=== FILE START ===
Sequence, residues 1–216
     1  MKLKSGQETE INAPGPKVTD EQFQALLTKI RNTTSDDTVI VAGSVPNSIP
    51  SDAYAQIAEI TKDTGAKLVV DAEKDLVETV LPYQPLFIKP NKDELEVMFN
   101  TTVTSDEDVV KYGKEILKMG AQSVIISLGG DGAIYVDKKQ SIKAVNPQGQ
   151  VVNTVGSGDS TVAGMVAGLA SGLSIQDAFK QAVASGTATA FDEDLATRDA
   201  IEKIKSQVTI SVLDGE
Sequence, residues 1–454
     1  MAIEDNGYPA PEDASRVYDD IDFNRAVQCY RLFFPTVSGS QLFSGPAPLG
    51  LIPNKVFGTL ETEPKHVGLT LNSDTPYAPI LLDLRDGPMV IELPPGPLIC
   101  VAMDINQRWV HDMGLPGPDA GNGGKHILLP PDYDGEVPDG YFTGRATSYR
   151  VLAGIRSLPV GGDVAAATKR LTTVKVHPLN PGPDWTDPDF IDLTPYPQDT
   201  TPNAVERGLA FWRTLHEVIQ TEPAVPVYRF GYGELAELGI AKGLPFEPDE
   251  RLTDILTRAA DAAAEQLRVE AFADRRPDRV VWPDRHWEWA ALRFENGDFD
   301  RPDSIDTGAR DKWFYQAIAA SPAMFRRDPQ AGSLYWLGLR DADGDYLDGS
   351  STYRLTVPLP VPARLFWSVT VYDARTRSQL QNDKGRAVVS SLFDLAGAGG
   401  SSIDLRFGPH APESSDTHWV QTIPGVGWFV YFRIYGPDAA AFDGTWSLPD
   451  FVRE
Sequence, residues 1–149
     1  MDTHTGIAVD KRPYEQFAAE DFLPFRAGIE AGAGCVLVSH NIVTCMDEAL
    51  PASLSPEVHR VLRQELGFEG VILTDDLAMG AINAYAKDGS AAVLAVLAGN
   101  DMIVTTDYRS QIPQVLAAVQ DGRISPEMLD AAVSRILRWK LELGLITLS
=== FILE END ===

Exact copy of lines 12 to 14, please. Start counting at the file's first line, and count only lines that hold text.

   201  TPNAVERGLA FWRTLHEVIQ TEPAVPVYRF GYGELAELGI AKGLPFEPDE
   251  RLTDILTRAA DAAAEQLRVE AFADRRPDRV VWPDRHWEWA ALRFENGDFD
   301  RPDSIDTGAR DKWFYQAIAA SPAMFRRDPQ AGSLYWLGLR DADGDYLDGS